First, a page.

Natural Disasters or Mass Murder?
In the aftermath of the 2005 Tsunami in Aceh, Indonesia, some boats ended up on piles of rubble. (Photo: Andre Vltchek)
Another day, another unnecessary loss of lives: at least 28 people were killed and 7 are still missing on the small island of Tahuna, off Indonesia's Sulawesi, in the aftermath of ravaging Jan. 12 landslides caused by heavy rains and flooding.
At an alarming rate, Indonesia is replacing Bangladesh and India as the most disaster-prone nation on earth. Whenever the word "Indonesia" appears on the list of headlines on Yahoo news, chances are that another enormous — and often unnecessary — tragedy has occurred on one of the islands of this sprawling archipelago.
Airplanes are disappearing or sliding off the runways, ferries are sinking or simply decomposing on the high seas, and trains crash or get derailed at average rate of one per week. Illegal garbage dumps bury desperate communities of scavengers under their stinking contents. Landslides are taking carton-like houses into the ravines; earthquakes and tidal waves are destroying coastal cities and villages. Forest fires from Sumatra are choking huge areas of Southeast Asia.
Scavangers looking through the rubble in Aceh. (Photo: Andre Vltchek)
The scope of disasters is unprecedented, and it absurd to discount them simply as the nation's bad luck, or to blame the wrath of the gods or nature. Corruption, incompetence and simple indifference by the ruling elites and government officials are mostly to blame. It is poverty, and a lack of public projects that kill hundreds of thousands of desperate Indonesian men, women and children.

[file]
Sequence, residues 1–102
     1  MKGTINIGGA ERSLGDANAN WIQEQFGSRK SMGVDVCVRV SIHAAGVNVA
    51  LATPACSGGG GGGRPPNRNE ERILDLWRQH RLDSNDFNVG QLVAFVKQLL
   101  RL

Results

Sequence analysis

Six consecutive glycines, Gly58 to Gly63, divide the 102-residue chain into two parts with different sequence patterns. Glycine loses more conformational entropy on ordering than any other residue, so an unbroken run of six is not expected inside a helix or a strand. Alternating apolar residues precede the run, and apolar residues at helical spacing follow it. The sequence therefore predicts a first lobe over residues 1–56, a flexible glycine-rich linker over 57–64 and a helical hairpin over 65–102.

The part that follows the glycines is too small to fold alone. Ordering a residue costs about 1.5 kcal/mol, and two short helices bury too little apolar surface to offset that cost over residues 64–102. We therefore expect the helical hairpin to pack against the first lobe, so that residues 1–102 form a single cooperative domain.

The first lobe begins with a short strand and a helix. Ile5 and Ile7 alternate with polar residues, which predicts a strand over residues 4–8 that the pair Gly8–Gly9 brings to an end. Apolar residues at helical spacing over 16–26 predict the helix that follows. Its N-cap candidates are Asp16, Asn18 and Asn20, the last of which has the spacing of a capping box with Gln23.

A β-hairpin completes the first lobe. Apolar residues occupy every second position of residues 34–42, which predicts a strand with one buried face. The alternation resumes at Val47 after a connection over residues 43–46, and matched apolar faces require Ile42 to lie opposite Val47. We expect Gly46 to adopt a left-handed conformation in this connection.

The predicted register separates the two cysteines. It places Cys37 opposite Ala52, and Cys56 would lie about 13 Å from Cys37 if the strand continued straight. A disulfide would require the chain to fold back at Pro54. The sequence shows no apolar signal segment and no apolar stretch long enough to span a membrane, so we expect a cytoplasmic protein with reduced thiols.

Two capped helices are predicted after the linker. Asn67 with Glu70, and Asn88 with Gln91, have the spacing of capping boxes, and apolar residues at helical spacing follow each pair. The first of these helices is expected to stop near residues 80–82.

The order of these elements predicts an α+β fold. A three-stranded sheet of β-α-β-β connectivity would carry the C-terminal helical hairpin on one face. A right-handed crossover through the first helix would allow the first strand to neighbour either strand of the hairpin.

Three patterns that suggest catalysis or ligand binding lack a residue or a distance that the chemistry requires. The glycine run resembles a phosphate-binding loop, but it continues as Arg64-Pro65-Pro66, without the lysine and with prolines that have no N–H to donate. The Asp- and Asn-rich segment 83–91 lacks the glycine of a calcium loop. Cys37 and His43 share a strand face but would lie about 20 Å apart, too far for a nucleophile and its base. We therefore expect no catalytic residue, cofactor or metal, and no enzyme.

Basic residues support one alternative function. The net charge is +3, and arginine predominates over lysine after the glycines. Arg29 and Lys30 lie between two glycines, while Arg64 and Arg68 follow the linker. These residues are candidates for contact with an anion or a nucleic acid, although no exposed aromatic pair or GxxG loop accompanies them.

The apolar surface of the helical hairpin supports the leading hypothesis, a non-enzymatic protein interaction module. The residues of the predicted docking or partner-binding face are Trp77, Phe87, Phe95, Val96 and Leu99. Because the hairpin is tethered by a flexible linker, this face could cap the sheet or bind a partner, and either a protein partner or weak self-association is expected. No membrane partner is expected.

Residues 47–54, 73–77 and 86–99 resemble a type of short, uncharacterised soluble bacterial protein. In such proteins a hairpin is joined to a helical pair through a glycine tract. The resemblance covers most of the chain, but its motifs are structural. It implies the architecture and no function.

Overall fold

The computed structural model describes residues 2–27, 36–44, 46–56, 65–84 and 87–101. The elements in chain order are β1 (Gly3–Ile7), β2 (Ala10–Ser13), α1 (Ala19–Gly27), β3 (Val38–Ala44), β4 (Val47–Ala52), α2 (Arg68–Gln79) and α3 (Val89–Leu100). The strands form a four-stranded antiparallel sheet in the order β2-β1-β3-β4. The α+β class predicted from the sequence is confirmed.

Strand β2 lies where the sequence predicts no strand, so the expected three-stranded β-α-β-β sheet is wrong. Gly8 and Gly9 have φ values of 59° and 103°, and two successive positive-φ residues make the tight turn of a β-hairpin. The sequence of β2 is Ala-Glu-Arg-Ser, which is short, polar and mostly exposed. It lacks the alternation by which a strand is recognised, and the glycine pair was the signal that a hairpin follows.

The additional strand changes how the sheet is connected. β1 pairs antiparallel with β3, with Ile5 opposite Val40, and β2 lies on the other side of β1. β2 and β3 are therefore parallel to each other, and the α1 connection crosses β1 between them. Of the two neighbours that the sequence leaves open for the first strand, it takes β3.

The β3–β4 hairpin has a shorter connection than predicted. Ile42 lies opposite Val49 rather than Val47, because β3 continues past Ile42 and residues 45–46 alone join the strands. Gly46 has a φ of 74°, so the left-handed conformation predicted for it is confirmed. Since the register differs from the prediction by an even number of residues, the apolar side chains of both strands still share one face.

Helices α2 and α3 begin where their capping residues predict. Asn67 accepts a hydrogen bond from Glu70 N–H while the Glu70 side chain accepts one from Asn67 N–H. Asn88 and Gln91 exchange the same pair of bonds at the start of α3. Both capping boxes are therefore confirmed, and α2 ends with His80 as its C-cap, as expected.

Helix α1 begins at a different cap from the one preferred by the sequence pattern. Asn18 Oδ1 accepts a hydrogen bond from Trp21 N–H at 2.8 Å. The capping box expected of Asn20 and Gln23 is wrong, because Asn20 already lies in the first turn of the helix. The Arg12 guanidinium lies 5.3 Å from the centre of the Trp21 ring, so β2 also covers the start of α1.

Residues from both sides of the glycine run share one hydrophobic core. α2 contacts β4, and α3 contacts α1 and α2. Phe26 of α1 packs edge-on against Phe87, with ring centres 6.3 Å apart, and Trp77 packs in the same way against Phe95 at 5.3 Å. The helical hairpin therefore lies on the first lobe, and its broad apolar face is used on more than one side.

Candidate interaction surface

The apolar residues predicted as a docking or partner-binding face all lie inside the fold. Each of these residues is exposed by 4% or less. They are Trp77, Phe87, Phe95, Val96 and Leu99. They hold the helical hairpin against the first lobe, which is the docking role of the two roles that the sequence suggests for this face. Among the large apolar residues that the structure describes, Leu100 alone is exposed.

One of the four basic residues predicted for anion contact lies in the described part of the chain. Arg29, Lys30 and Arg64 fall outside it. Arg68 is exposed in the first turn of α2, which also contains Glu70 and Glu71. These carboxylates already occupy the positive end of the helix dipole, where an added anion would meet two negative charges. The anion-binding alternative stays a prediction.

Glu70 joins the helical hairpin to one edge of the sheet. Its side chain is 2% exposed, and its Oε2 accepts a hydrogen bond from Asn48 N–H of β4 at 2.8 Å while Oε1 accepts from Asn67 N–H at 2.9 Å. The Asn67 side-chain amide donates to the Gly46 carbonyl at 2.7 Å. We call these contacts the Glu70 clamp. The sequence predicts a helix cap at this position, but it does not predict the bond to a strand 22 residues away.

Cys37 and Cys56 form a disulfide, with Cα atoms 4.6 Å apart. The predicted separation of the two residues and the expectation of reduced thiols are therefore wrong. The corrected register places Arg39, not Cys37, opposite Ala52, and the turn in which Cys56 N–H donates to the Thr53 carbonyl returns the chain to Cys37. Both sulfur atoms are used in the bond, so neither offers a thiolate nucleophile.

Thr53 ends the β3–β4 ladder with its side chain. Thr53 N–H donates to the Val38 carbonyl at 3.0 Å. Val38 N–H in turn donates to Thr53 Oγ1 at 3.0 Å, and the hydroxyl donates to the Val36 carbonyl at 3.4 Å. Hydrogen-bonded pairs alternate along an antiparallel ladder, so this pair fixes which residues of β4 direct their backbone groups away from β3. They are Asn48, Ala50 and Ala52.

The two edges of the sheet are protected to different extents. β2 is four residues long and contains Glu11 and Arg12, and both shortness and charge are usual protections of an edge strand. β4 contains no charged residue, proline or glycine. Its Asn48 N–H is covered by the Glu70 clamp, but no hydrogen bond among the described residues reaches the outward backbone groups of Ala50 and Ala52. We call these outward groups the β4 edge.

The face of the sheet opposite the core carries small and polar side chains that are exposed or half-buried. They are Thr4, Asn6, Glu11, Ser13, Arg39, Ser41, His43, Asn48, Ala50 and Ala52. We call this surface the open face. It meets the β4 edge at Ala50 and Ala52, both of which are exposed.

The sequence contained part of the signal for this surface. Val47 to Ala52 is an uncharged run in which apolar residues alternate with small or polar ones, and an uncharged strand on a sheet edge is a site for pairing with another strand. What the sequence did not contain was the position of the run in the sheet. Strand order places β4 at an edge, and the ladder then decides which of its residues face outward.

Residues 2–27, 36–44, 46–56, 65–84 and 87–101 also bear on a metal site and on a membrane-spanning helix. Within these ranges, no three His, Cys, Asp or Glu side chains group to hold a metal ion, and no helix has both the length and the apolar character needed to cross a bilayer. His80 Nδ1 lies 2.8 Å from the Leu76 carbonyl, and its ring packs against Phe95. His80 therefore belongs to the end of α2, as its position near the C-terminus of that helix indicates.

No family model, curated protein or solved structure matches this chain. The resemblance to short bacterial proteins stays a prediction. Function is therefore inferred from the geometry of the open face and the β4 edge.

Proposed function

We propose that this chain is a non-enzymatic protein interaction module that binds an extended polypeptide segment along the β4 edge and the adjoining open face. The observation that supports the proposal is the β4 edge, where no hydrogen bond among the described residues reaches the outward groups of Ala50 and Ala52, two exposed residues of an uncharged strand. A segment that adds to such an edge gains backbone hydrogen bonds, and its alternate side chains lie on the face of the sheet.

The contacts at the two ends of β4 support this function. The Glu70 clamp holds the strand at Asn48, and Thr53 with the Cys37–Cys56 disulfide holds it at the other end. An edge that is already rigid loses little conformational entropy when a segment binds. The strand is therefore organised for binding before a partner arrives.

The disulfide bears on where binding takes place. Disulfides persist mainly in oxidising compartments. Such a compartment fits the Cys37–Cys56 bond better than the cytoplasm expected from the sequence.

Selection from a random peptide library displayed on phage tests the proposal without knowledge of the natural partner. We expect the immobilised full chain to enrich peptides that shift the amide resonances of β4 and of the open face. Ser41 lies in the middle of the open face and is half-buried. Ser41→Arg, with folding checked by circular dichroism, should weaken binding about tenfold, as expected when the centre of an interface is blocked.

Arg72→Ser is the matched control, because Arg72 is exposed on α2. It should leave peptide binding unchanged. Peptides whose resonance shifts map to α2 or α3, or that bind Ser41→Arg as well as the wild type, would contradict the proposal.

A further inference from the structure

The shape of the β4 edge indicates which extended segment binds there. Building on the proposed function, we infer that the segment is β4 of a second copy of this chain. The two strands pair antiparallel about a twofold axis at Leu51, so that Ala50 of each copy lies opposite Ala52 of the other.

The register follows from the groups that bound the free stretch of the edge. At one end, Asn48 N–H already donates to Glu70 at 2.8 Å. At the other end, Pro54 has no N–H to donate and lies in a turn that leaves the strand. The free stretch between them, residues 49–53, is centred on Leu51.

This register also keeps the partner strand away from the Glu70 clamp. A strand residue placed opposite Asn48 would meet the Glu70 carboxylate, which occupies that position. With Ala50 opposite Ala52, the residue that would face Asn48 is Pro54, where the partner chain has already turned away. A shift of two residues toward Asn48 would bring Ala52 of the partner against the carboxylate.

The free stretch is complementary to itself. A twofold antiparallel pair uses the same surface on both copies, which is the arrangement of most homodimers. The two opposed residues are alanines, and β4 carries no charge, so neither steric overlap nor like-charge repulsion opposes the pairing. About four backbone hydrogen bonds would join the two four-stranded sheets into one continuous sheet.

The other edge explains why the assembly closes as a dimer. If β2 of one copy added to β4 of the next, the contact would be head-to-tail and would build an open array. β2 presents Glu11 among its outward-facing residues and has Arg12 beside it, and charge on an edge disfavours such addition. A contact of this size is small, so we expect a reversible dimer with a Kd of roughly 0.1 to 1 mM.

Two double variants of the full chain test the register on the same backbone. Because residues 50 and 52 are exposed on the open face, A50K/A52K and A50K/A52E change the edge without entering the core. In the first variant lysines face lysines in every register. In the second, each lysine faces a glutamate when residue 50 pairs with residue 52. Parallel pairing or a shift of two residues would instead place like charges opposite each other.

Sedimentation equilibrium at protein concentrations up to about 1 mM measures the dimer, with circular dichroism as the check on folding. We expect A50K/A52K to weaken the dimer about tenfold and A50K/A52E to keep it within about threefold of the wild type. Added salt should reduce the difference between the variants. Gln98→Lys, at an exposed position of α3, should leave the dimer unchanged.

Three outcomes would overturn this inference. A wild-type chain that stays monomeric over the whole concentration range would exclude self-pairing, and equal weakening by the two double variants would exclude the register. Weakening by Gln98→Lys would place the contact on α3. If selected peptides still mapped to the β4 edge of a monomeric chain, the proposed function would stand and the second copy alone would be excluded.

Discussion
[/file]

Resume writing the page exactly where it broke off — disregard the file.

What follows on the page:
Since the 1965 U.S.-sponsored military coup that deposed Sukarno and installed the corrupt military regime of staunch anti-communist, pro-market dictator General Suharto, Indonesia has escaped serious scrutiny by the West's media and governments. After Suharto stepped down in 1998, the country has been hailed by said media as an emerging and increasingly tolerant democracy.
Some of these disasters are man-made; almost all of them are preventable. With closer scrutiny, it becomes obvious that people die due to almost non-existent prevention, lack of education (Indonesia spends the third least amount on education as percentage of its GDP, after Equatorial Guinea and Ecuador) and a savage pro-market economic system which allows enrichment of very few at the expense of the majority — who live on under 2 dollars a day. Ugly conclusions can be drawn, which casts an unflattering light on the way the present-day Indonesian society functions. However, continuing to avoid exposure would doubtlessly lead to further loss of many precious lives.
Indonesia is profit-driven to the extreme. It is also one of the most corrupt nations on the face of the earth, and there seems to be no immediate profit to be made from implementing preventive measures. Dams and anti-tsunami walls are considered as public works almost everywhere else. It seems that the word "public" has almost disappeared from the lexicon of those who make decisions in Indonesia. Short-term profits for a particular group of individuals are given much higher priority than long-term gains for the entire nation. The moral collapse of the nation is reflected in the scale of values — corrupt, but rich, individuals command incomparably higher respect than those who are honest but poor.
Ferries are sinking not because of high winds and waves, but due to overcrowding and poor maintenance. More precisely, they are allowed to be overcrowded and badly maintained. Everything is for sale, even the safety of thousands of passengers. Companies care only about their profits, while government inspectors are mainly interested in bribes. The recent well-publicized sinking of a ferry, Senopati Nusantara, killed more than 400 people, but it was just one of hundreds of maritime disasters that occur in Indonesia each year. While there are no exact statistics available (for predictable reasons, the Indonesian government makes sure to avoid publishing comprehensive comparative data), some maritime routes lose three or more vessels a year.